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Title and number one spot woo Wimbledon's women

media Angelique Kerber lost in the 2016 Wimbledon final to Serena Williams. Reuters/Tony O'Brien

The twin highs of the Wimbledon singles crown and top spot in the world rankings are on offer for a handful of the 16 women who enter the second week of competition at the tournament.

Angelique Kerber, the runner-up to Serena Williams last year, will maintain her status as world number one so long as she progresses to the final. If she falters before the showdown on 15 July, she will be supplanted by either Simona Halep or even Karolina Pliskova despite the Czech having been knocked out in the second round.

Kerber’s path to glory will not be simple. The 28-year-old German will take on the 2015 runner-up Garbine Muguruza on 10 July in the last 16 having battled from a set down to beat the unseeded American Shelby Rogers in the third round on 8 July.

Muguruza, seeded 14th, has cruised into the fourth round without dropping a set. It is a surge that has surprised the 23-year-old Spaniard.

"I never feel that comfortable on grass,” said the 2016 French Open champion. “Every time I start the grass season, I'm like: ‘How the hell did I reach that final at Wimbledon two years ago?"

The omens are not favourable for Kerber. Muguruza has won their last four matches after losing the previous three of their encounters.

Victoria Azarenka, bidding to become the first mother to win Wimbledon in 37 years, faces the second seed Simona Halep.

Former world number one and two-time Australian Open champion Azarenka is playing in her first Grand Slam since giving birth to son, Leo, last December.

In all, the women's last 16 features seven Grand Slam winners and seven playing in the Wimbledon fourth round for the first time.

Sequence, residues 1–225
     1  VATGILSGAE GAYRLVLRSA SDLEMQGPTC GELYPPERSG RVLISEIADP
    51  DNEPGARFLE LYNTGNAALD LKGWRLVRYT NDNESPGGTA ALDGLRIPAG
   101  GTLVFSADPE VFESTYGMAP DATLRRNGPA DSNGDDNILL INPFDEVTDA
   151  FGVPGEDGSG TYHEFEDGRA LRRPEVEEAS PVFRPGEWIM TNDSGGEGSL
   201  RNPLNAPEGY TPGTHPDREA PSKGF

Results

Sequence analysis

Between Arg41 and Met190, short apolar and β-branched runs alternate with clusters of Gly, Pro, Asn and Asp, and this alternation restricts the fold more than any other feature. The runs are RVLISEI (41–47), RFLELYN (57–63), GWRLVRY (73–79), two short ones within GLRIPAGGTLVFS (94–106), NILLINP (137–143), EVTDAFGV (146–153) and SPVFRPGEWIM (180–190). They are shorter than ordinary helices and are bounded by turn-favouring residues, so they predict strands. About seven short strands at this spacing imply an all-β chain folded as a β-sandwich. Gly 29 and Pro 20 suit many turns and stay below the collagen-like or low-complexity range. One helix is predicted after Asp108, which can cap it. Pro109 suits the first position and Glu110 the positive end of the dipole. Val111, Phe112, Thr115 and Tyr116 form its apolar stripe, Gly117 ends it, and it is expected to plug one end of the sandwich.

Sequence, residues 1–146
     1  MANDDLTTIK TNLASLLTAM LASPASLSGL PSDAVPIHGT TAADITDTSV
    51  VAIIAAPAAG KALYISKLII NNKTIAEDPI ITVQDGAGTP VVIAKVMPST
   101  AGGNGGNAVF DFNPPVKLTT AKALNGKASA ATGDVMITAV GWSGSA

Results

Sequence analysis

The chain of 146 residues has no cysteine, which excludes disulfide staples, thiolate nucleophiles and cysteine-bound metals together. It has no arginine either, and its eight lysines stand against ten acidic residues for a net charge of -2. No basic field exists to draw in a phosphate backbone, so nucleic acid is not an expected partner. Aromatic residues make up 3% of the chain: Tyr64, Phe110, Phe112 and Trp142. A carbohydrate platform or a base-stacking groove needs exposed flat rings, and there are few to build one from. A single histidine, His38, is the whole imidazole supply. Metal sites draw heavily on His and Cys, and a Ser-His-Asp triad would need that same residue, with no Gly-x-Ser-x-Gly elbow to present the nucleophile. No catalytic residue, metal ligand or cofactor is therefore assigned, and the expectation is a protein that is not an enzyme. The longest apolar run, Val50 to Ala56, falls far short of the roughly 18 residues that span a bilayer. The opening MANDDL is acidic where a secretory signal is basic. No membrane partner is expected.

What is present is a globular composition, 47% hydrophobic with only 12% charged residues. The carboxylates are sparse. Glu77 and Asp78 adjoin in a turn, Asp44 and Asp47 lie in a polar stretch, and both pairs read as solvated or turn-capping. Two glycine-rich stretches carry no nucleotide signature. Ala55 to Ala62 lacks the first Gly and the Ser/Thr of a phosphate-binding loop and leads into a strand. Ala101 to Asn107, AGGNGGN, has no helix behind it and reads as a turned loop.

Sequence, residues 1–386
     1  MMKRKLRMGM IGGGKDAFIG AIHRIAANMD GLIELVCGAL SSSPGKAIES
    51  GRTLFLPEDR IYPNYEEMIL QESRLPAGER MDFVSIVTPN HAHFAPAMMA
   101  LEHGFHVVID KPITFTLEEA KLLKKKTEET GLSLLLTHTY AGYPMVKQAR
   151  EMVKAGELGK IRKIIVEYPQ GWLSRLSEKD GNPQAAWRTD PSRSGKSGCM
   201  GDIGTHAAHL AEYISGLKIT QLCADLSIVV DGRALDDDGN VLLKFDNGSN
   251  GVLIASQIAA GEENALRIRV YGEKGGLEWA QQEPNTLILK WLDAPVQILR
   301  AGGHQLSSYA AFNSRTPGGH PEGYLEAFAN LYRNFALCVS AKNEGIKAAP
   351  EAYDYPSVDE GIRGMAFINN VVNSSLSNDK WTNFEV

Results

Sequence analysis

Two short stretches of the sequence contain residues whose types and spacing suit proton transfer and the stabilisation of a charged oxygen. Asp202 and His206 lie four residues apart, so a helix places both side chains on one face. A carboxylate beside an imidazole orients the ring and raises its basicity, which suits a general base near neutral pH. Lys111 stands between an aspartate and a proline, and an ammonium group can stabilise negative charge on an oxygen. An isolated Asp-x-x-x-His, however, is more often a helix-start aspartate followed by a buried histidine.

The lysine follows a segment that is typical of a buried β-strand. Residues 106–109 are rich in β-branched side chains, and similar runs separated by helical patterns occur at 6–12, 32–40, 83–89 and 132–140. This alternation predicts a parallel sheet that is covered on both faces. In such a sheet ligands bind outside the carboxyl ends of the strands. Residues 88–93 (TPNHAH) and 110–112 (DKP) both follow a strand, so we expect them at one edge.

Two of the debutantes are Johanna Konta, the sixth seed and 21st seed Caroline Garcia who face each other.

Konta is looking to be the first British woman in the quarter-finals for 33 years while 23-year-old Garcia will be attempting to make her second successive appearance in the last eight of a Grand Slam following her run in front of her home fans in Paris at the French Open in June.

That tournament was ultimately claimed by Jelena Ostapenko. The 20-year-old Latvian was the surprise package in Paris. And at Wimbledon, she has form. She won the girl’s title in 2014 and buoyed by her success in Paris, will be prepared for the likely slugathon with the Ukrainian Elina Svitolina.

Another battle of last 16 first timers pits Slovakia's Magdalena Rybarikova against Petra Martic of Croatia.

Martic, who is the last qualifier in the tournament, is repeating her Parisian feats where she reached the fourth round after also coming through the qualifying event.

Agnieszka Radwanska, the 2012 runner-up, tackles former French and US Open champion Svetlana Kuznetsova.

Five-time champion Venus Williams is, at 37, the sentimental favourite. The grand old lady will play the 19-year-old Croatian Ana Konjuh who was born six months after the American made her debut at the All England Club in 1997.

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